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WTA No. 8 Belinda Bencic hadn’t yet reached her final destination when news broke. After traveling for 18 hours, the Swiss arrived in Denver and was set to board her connection to Palm Springs. Like many of her colleagues, Bencic initially felt stunned. After visiting the site the past two days, Bencic echoed Pospisil’s description of the circumstances.
“The overall vibe is pretty weird. Obviously before the tournament, you’re really nervous and excited and you kind of can’t wait to start. And now, this excitement kind of fell down and everyone is too relaxed, I would say,” Bencic said.
At one point, that level of relaxation Bencic expressed was tested. Early Monday afternoon, a middle-aged man arrived by bike to Tennis Channel’s off-site tent. He peppered our team with a range of questions, from the best way to enter the Indian Wells Tennis Garden to which players we had encountered. Two colleagues explained that the event had been cancelled and there was no access to the grounds, but he continued to push.
A security officer quickly picked up on the escalating concern and drove over to step in. As he reiterated the current state of affairs, the bicyclist’s tone noticeably shifted after asking if this happened due to the coronavirus.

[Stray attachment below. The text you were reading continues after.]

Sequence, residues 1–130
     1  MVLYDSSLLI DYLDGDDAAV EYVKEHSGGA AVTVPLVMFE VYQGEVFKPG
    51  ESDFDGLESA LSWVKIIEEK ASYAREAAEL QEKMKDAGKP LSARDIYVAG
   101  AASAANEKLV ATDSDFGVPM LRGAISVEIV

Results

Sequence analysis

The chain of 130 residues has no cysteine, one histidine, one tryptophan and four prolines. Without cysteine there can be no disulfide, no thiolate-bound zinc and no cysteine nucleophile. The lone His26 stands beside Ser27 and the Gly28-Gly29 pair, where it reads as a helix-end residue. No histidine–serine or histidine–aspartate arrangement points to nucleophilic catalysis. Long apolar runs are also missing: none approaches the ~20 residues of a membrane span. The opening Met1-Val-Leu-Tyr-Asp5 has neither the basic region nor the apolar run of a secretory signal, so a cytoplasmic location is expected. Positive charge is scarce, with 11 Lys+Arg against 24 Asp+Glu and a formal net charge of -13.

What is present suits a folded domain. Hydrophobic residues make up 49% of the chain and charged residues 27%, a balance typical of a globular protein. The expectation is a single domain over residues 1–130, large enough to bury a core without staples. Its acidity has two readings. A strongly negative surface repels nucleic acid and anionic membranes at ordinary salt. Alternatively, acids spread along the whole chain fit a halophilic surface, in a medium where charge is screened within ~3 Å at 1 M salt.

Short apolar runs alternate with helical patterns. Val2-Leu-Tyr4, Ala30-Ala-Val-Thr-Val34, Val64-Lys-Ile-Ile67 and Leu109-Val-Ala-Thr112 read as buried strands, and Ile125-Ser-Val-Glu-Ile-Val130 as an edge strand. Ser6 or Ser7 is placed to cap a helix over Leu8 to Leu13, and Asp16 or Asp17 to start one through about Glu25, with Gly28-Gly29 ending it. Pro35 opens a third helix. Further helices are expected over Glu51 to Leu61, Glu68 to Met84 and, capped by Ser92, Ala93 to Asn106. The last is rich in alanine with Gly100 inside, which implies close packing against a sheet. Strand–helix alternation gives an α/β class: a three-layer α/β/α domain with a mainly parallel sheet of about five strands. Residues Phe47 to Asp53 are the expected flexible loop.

“This event is on my bucket list. I want to see it!”, he barked.
Andrew Heitzman/Tennis Channel
We found the same man trying to push his way onto the premises a few hours later. As a result, safety measures were upgraded. Our area now had a roving officer. Local residents who were previously permitted to walk their dogs, or knock out a morning run around the empty parking lots were absent the next day. Adjusting on the fly has been a trying process for everyone impacted by the unforeseen alternative, and unknown immediate future.
“Everyone is hanging around training but not really knowing how hard they should train, because we don’t know when the next event is,” said Pospisil. “At least from my perspective, it’s tough because I was training pretty hard getting ready for this event. Now we don’t really how many days we have until the next one and where it will be.”
The 29-year-old is among the group of players staying put through the end of the week, along with Bencic and Aryna Sabalenka. Outside of striking a balance with preparing for the possibility of the Miami Open moving forward as planned, Pospisil will use the unexpected free time to spend with his parents. Taylor Fritz, who learned he wouldn’t be playing this tournament on his way back home from a workout, will also be taking advantage of the lighter workload.
“My plans are to just go back to L.A. and take a little time off,” he said. “It’s something that we don’t really get a lot of on tour. [I’ll] keep up with the training if they’re going to play Miami.”
Indian Wells will put on hold until later in the year, or 2021. Rain further dampened the gloomy mood Tuesday afternoon, but as Pospisil reminded everyone during his visit with Tennis Channel’s production team, there could be worse places to hang around than the Palm Desert with a situation completely out of his hands.